Green lacewingsEdit

Arthropods (Arthropoda)----Insects (Insecta)----Net-winged Insects (Neuroptera)---Green Lacewings (Chrysopidae)

Chrysoperla sp.1 B

A Chrysoperla sp.

Green lacewings are a common moth-like insect with delicate net-like patterns on its 4 wings. Most Green lacewings are readily attracted to any lights at night, but are not common with normal lightbulbs shining out through the windows, best results require a more powerful bulb. Under magnification the wing veins of a Green lacewing appear hairy, this can not be seen easily with the naked eye. In winter some species hibernate and come into houses until spring, during this period lacewings will turn brown or brown & yellow, on warm winter days they can sometimes be disturbed from shrubbery in shady areas of your garden. Larvae collect leaf litter and build a "house" to help camoflauge, the larvae are frequently seen as a moving bunch of "stuff" with their two long jaws protuding out the end. Some Chrysoperla species are brown all-year round. All species used to be placed under the genus Chrysopa, it wasn't until someone examined each of them that it was learned that there were actually many different groups.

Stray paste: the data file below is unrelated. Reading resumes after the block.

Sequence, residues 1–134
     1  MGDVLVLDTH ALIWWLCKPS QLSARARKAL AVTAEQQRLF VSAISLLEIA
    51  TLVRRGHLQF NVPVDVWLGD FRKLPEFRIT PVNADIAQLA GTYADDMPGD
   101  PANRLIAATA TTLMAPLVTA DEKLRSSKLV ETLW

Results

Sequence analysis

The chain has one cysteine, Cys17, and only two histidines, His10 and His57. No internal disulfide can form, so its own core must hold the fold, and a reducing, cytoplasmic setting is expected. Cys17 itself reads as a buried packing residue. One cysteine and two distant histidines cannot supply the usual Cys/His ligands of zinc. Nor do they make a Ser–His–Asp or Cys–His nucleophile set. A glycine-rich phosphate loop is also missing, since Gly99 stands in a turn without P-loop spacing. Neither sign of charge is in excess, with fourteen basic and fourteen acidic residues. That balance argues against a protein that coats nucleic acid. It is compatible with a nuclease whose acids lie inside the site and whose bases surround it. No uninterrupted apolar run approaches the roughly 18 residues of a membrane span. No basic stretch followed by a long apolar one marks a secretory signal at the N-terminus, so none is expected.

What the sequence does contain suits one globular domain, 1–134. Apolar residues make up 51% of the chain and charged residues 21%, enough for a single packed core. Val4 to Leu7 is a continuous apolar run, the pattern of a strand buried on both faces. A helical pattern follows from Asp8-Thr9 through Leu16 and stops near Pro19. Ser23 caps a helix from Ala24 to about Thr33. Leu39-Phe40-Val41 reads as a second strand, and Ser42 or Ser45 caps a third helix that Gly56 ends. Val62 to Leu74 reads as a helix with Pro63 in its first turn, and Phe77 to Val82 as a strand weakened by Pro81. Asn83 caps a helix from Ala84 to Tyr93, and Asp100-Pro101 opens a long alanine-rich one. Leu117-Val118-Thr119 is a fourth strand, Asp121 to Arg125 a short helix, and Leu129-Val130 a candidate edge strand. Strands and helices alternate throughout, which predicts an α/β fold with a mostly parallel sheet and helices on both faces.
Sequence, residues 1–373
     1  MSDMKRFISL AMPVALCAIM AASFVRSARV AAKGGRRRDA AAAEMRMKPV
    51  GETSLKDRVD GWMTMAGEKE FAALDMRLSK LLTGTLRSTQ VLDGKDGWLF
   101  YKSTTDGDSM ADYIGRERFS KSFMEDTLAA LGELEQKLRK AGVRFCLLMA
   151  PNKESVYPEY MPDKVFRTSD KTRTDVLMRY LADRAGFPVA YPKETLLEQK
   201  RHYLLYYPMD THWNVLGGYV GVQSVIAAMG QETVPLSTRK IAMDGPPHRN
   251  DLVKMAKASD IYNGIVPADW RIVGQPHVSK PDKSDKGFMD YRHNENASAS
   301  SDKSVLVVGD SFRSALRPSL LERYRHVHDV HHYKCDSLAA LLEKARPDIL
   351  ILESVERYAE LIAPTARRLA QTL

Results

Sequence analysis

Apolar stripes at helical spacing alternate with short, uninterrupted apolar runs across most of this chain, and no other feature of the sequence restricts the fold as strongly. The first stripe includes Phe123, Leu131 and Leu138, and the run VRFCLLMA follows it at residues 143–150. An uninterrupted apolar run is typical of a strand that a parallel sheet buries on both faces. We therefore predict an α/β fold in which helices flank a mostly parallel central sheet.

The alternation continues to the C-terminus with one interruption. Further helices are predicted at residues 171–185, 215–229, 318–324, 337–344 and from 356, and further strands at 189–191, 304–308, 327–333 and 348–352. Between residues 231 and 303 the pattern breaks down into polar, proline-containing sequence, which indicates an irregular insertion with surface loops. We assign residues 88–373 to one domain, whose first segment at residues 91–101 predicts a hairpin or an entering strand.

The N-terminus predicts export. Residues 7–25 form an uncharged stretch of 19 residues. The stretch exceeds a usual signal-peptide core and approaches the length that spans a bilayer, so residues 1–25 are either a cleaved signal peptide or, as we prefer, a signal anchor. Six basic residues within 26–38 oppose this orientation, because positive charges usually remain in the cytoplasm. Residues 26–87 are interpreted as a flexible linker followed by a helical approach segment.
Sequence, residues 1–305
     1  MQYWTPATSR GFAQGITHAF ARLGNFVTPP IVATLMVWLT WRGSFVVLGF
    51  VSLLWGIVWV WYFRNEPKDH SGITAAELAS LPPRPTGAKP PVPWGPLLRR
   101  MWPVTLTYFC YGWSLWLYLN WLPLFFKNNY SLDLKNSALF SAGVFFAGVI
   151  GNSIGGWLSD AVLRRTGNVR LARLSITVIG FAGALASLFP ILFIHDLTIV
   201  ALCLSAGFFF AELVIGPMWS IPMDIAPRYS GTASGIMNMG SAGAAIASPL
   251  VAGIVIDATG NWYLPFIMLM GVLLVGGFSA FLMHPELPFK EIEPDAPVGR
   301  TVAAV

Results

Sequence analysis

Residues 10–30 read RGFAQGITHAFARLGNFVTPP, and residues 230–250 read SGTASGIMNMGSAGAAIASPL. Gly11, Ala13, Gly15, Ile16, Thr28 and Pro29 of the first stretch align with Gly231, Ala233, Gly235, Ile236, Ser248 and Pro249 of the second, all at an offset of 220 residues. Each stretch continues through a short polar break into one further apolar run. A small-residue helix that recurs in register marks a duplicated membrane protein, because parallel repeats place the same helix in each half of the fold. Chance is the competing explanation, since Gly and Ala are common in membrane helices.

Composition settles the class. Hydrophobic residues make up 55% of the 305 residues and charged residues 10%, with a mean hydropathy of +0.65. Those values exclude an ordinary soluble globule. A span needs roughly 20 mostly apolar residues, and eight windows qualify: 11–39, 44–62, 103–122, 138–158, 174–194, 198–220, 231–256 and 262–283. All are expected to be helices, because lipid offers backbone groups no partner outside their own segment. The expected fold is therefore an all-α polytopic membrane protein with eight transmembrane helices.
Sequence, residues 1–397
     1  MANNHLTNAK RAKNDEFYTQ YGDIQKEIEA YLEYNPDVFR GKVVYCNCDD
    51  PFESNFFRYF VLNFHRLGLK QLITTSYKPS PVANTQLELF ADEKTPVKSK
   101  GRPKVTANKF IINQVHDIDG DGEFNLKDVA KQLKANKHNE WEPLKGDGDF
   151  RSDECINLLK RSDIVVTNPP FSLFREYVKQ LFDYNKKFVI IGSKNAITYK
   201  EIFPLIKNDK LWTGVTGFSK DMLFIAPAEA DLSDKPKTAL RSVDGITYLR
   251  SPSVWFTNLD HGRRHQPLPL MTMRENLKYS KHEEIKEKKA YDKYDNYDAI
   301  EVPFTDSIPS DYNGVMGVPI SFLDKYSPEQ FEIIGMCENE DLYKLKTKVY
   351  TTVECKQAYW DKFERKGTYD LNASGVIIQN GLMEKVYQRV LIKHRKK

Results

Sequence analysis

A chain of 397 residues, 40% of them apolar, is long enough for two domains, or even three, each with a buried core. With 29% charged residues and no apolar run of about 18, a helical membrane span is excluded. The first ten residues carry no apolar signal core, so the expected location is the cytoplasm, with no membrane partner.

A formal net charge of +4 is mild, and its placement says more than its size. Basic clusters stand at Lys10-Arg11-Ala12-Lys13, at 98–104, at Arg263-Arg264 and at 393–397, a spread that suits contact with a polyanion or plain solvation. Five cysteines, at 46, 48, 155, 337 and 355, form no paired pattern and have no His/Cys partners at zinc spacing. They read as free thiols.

All Green lacewings feeds on soft-bodied Arthropods, (with no shells or plating) including pests such as Aphids, Mealybugs and Scale Insects. Which makes them a beneficial insect, and almost as part of the garden as the Ladybird.


Chrysopa chi 2

Chrysopa chi


Long grass, garden plants and hedges in sub-urban environments.

Tips on findingEdit

These can be found as easily as moths, just go around the thick bushes in the area and shake them for 2 seconds, this is the best way of finding them in the day or if you do not have a strong enough light. Even though the insect does land eventually it does help to bring a net to capture the insect so that it does not fly over a fence or fly into an out of bounds area, this way you can view it closely and identify it. Normally after some time you will get to know which particular hedges are best for shaking out moths and lacewings. For more, see the Bush shaking technique.


Chrysopa chi. This view makes the 4 wings easier to make out, one wing is hidden under the top wing on the left side of the body.


Golden-eyed Green lacewing Chrysopa oculata No common name Chrysopa chi
Chrysopa sp.2
Chrysopa chi 3
Common Green lacewing Chrysoperla carnea No common name Chrysoperla sp.
Chrysoperla carnea
Chrysoperla sp.1 B